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Cross-Country, Baggage & All
"You can't cheat. There is no possible way to cheat. It was my journey," said Vaught. "I didn't care about where I was at and where I was going. I don't care if it was 2,800 or 1,500 miles. . . . It's about where your head is."
It was that internal journey that attracted Pierre Bagley, a Texan who is directing the documentary and who traveled with Vaught periodically. The filmmakers said they never saw Vaught hitch rides and they defend him as a troubled man who was ill-prepared for the monsoon of media and public attention.
"He tried to do this the best way he could," said Bagley, who nonetheless is now skeptical that the trip unfolded as Vaught said it did. "If he lost more than 40 pounds, I'm a rock."
Years earlier, Vaught, a former Marine, had served time for vehicular manslaughter after striking and killing an elderly couple. Vaught said that plunged him into a deep depression, and he gained hundreds of pounds. He began his walk in April 2005 with those emotional burdens and a marriage on the rocks with his wife ready to divorce him.
"The walk had to happen in order for the divorce not to happen," said April, 33, who devotes her days to home-schooling the couple's two children. "They're connected; they can't be separated. It didn't happen the way it needed to happen."
April, who is featured in the film, says the media attention engulfed her husband, swelling his ego.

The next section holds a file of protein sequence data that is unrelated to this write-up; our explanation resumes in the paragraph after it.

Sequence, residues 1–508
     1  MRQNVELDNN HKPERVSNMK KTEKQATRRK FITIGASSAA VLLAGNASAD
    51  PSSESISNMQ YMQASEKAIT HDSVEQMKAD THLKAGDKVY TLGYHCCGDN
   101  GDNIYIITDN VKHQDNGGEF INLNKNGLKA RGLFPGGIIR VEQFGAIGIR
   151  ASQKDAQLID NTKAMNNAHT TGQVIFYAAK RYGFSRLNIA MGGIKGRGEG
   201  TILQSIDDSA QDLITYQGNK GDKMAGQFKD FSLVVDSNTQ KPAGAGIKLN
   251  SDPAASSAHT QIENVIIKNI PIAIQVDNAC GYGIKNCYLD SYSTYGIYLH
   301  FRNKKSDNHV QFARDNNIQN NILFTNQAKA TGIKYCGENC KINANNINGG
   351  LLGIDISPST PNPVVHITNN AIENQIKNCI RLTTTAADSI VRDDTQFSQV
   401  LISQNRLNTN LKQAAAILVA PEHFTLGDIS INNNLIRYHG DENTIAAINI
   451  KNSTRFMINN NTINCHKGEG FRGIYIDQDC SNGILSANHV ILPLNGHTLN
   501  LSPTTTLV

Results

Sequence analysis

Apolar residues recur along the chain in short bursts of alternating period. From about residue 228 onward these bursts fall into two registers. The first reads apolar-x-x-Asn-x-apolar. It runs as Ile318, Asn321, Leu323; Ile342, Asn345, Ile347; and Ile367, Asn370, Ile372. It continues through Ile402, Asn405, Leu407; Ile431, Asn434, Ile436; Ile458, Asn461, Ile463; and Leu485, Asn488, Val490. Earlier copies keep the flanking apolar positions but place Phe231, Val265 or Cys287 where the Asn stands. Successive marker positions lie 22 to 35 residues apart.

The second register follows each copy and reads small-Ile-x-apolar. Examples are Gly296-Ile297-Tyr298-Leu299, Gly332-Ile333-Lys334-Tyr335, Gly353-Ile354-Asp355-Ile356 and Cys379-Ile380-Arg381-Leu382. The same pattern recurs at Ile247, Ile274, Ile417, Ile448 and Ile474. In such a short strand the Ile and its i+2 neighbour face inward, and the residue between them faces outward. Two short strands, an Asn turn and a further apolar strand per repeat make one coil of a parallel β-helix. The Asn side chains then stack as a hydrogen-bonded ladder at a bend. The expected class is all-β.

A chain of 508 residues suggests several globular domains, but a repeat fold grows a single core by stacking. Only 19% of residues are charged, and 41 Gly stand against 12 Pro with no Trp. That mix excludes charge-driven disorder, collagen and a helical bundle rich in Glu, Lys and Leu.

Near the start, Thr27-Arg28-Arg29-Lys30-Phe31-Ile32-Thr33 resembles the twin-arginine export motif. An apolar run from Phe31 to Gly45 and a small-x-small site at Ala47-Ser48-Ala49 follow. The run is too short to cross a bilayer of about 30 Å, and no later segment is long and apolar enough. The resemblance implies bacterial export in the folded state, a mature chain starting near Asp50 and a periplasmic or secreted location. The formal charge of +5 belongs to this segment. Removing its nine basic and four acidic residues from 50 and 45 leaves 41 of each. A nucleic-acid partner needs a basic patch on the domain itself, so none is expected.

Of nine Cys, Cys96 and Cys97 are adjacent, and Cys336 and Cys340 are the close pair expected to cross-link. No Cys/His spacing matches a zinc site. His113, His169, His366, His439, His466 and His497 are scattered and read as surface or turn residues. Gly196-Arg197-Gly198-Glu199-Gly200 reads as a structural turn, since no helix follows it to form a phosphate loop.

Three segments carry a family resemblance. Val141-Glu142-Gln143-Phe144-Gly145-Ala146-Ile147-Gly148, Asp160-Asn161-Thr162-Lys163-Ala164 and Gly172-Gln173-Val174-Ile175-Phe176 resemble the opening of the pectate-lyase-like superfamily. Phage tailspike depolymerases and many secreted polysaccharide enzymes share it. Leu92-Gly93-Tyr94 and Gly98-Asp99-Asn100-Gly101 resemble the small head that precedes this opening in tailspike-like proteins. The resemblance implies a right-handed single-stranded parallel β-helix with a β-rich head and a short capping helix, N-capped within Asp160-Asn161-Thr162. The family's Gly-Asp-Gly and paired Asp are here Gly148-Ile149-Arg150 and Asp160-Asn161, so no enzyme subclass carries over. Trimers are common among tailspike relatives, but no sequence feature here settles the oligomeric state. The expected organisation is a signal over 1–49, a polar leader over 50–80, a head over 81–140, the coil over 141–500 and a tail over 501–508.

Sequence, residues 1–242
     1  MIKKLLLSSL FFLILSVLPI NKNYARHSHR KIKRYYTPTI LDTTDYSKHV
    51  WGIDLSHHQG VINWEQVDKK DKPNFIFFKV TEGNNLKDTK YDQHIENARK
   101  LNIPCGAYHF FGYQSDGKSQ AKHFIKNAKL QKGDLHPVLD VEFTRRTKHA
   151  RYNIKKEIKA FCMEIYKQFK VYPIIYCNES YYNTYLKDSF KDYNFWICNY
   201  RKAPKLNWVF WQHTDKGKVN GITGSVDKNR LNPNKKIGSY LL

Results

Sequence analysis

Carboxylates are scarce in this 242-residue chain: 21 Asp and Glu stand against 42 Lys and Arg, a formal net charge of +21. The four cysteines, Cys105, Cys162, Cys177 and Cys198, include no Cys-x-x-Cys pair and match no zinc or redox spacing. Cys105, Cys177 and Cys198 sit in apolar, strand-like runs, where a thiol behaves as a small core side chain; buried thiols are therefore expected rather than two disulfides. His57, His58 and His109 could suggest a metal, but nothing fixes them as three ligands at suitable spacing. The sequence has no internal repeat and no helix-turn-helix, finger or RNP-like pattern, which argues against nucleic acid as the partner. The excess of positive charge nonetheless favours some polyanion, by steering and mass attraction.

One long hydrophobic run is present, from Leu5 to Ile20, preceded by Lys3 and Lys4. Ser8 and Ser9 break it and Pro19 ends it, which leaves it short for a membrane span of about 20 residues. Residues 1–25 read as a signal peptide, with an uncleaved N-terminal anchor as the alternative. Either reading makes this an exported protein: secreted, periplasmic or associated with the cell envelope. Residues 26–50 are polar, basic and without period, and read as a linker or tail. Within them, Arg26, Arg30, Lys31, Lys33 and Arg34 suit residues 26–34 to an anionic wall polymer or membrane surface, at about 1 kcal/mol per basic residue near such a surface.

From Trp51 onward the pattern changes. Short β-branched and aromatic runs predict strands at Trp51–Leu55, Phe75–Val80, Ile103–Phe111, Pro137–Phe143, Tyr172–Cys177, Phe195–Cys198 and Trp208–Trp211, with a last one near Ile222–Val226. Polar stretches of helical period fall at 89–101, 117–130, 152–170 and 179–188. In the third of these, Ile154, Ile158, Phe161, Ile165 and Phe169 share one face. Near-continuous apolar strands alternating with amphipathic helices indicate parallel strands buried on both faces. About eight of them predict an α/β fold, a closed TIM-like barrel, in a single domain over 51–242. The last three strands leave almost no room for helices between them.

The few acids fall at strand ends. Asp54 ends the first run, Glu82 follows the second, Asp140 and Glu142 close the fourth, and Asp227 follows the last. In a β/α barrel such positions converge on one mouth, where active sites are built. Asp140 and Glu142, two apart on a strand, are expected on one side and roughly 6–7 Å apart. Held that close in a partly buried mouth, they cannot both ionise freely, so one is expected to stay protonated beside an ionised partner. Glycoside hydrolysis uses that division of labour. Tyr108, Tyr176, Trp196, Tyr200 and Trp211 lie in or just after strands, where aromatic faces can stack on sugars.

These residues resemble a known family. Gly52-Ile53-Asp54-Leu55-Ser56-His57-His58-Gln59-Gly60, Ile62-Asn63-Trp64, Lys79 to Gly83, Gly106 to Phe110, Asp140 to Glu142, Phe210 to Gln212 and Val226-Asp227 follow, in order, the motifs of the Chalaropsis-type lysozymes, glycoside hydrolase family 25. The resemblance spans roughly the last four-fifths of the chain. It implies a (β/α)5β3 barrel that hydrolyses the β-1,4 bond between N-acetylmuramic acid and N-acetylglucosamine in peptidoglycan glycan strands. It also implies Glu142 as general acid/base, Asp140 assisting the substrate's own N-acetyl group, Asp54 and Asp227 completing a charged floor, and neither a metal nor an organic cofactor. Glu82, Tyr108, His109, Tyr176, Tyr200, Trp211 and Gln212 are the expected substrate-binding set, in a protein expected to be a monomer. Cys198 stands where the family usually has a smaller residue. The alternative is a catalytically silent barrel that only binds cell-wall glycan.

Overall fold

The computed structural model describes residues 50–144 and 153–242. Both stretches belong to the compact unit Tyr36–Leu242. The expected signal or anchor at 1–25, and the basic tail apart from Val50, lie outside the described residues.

"The only thing I had was a requirement and expectation of him to exert himself physically and to have time and introspection to come up with a value system of his own," said April. "Something that would bring us closer as a family."
Now, she says that didn't happen and wants the divorce to go forward.
Her husband acknowledges that his newfound fame "distracted" him from his mission. When he got to St. Louis, Vaught said he was ready to return home to his children. But, he said, "I couldn't go home because there was so much expectation for me to go to New York."
Vaught says he felt torn "between focusing on the walk and what became the business of the walking." Journalists lined up to interview him, agents wanted to represent him, and e-mails consumed precious time. The Washington Post featured him in a story on July 8, when he was in his 13th week on the road and trudging through the desert near Peach Springs, Ariz. He said, "It did disrupt my overall sight of what I was going to do."
Through it all, Americans kept cheering Vaught on. He arrived in New York late on May 9 and the next morning appeared on the "Today" show to talk with Katie Couric, telling her the trip was about "life overall and struggling through adversity."
But why all the attention lavished on Vaught? After all, many have walked the length of the country. A group of Christians makes an annual pilgrimage from California to Washington to protest abortion. A "peace grandmother" protesting the Iraq war completed her walk in just five months, compared with Vaught's 13 months. But none of them became a counterculture icon.
Documentarian Bagley calls Vaught's journey an American story. "It's an amazing thing about America: We can make anybody a hero, whether they deserve it or not," he said. "Everything would have been better if he had not had all this pressure to live up to this Hollywood version of Forrest Gump."
Vaught has returned to the San Diego area and put his belongings in storage. He lives in a Super 8 motel with no job and no clear goal beyond promoting The Fat Man Walking as a business sponsoring walkathons and charity work to fight child obesity. Even so, Vaught said the journey worked out for him, leaving him stronger and healthier.
"I'm doing this for the betterment of Steve," he said. "I said I'm a flawed individual. I think that people were struck by it and the honesty of it. "